Over the course of his career, spanning half a century, John Huston made a contribution to American cinema that’s difficult to overstate. As an accomplished actor, screenwriter and director, he was a cinematic triple threat, and navigated the transitions from Old Hollywood to New Hollywood and beyond with an adventurous spirit and uncompromising attitude, in his lifetime earning just about every accolade out there, including plenty of attention from the Academy. From the success of his directorial debut, 1941’s The Maltese Falcon, which scored him an Oscar nomination right out of the gate, to his penultimate film, 1985’s Prizzi’s Honor, giving him the distinction of being the oldest person ever to be nominated for the Best Director award, he was in the running an impressive 15 times in various categories, taking home (only) two well-deserved statues for his 1948 classic The Treasure of Sierra Madre. Still, as impressive as that body of work is, he’s equally remembered for his personal life, which was vastly more colorful than anything he ever brought to the silver screen.
“John Huston would be worth a biography even if he’d never made a film,” observed Jeffrey Meyers at the outset of his 2011 chronicle of the filmmaker’s career, John Huston: Courage and Art, and in learning about the man, it’s difficult not to become as fascinated by his tumultuous, idiosyncratic life as his inspired work. Born on August 5th 1905, Huston was named after his paternal grandfather, an extravagant drunk and gambler, and raised, for a time, by his father, Walter, a restless, at times incompetent man who could seldom hold down a job and dreamed of acting, and his mother, Rhea, a tough woman who worked as a reporter when she could. The family moved a lot on account of Walter’s shiftless nature and theatrical ambitions, and that didn’t change when he deserted his wife and child completely, leaving Rhea to continually hit the road in search of employment. “When I was a kid I never had a home,” remembered Huston, “I was always on the move, living out of dressing rooms and hotels.”
Though she often struggled to provide for him, Rhea was a doting mother, which to John’s chagrin only intensified when, at the age of twelve, he was diagnosed (likely misdiagnosed) with an enlarged heart as well as a kidney disorder called chronic nephritis, and put on indefinite bed rest. A willful boy, he ignored the doctor’s dire warnings of impending death and eventually proved to his mother he was on the mend, but the nearly two years he spent as an invalid had only increased his desire to meet life head on, to conquer his fears and push his limits. Through his teenage years and into adulthood, he took on a variety of challenges, becoming an amateur boxer, a journalist and even an honorary member of the Mexican cavalry among other misadventures. It was his experience with writing that provided his entry into the world of film, securing Huston a job as script editor at Samuel Goldwyn Productions and later Universal Studios, from which he graduated to screenwriter and sometimes actor, working on early talkies.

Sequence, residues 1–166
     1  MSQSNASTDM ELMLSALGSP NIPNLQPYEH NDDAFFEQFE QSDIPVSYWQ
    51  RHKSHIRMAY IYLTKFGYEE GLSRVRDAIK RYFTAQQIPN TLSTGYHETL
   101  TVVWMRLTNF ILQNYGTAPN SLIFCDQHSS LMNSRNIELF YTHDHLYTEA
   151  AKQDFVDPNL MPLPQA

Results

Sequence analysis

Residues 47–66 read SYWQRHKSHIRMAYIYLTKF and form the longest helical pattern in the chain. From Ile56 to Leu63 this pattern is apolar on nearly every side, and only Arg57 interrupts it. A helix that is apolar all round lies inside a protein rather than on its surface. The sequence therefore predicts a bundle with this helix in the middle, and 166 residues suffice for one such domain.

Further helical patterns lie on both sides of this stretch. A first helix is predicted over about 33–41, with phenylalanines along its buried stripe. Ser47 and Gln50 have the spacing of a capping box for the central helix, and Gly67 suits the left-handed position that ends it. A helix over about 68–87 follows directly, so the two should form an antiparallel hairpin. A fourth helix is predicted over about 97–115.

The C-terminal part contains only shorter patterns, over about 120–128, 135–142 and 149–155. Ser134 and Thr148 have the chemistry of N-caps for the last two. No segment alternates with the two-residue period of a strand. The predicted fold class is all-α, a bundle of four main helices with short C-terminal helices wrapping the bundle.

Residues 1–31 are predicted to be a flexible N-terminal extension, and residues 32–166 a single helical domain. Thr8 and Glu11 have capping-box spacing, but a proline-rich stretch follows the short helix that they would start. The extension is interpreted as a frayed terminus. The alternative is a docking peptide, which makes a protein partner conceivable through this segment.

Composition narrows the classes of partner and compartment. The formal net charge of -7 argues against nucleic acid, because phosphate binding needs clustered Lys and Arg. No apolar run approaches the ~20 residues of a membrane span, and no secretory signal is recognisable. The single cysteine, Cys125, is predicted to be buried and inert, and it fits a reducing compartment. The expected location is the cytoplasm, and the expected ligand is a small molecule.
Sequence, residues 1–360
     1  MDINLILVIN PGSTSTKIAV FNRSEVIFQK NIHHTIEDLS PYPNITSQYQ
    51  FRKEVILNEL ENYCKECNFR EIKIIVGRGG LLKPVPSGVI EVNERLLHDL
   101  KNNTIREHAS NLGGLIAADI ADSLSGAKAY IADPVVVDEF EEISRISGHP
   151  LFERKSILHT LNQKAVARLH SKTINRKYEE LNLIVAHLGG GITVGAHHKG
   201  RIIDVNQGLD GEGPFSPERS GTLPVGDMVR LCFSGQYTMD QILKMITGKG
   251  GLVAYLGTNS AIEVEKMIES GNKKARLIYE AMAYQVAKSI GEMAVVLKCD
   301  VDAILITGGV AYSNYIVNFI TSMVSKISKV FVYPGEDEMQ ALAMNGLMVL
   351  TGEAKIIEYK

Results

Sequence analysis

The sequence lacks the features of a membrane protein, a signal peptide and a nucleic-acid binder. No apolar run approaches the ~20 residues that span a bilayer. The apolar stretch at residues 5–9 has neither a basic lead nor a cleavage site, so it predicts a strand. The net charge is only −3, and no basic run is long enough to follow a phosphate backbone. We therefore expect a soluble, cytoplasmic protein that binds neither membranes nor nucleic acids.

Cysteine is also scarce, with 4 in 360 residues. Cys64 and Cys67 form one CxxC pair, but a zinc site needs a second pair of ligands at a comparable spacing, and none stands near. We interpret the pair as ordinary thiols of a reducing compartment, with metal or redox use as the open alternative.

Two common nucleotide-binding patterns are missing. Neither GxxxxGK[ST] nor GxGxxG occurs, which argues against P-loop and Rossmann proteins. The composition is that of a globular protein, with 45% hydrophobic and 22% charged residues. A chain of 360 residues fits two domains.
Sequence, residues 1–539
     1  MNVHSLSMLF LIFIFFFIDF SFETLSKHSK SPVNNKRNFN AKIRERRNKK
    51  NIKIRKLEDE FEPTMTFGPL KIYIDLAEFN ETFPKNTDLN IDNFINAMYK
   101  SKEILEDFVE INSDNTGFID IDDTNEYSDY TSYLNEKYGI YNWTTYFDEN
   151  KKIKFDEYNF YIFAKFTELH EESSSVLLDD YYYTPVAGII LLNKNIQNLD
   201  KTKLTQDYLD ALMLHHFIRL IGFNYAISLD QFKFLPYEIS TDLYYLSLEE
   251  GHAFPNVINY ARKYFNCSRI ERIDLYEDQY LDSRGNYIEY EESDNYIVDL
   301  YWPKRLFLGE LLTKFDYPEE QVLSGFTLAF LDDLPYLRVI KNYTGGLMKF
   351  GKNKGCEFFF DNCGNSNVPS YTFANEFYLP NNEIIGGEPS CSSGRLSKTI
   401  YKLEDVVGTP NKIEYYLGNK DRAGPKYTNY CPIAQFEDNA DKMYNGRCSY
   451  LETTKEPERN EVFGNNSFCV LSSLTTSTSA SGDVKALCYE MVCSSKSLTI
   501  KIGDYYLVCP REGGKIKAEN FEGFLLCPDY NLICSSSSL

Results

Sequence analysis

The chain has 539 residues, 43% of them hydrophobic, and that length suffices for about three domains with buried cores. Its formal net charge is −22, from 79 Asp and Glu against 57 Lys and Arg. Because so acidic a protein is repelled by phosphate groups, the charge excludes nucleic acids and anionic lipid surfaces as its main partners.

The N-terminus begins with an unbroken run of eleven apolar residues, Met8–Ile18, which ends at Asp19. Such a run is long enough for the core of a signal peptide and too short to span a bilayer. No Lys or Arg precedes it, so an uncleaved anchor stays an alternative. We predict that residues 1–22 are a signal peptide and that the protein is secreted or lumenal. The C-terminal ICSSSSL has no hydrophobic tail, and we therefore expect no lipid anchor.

He quickly developed a reputation in the industry for being, as the New York Times’ Peter B. Flint put it, “a lusty, hard-drinking libertine”, one that never really left him, but grew more nuanced with time. To be sure, there are anecdotes galore to paint him as a tough-guy and fearless eccentric, from when he and Errol Flynn got in a knock-down, drag-out brawl over a woman, one that ended with both being carted off to the hospital, to the time his third wife, the actress Evelyn Keyes, became so fed up with the antics of his pet monkey that she gave him an ultimatum, at which point Huston promptly chose the fucking monkey, but many, like his daughter Angelica Huston, recall his gentle, thoughtful side. “I’ve heard my father described as a Lothario, a drinker, a gambler, a man’s man, more interested in killing big game than in making movies,” she wrote, “It is true that he was extravagant and opinionated. But Dad was complicated, self-educated for the most part, inquisitive, and well read.”
Angelica, who won an Oscar for her performance in Prizzi’s Honor, tempers sweet memories of her father, like the Christmas he had his friend John Steinbeck serve as Santa Claus, with the pain of him forever jetting off to some far-flung locale, either to work or simply in pursuit of adventure. Like his father, whom he eventually reconnected with and even directed in an Oscar-winning performance, Huston was a wanderer, the closest thing to a permanent home being his isolated compound in Puerto Vallarta, Mexico, where he reflected, sometimes about the path not taken. “I’m content having arrived at this moment in eternity, but for the life of me I don’t know how I got here…,” he wrote in his 1978 autobiography, An Open Book, “I’ve lived a number of lives. I’m inclined to envy the man who leads one life, with one job, and one wife, in one country, under one God. It may not be a very exciting existence, but at least by the time he’s seventy-three he knows how old he is.”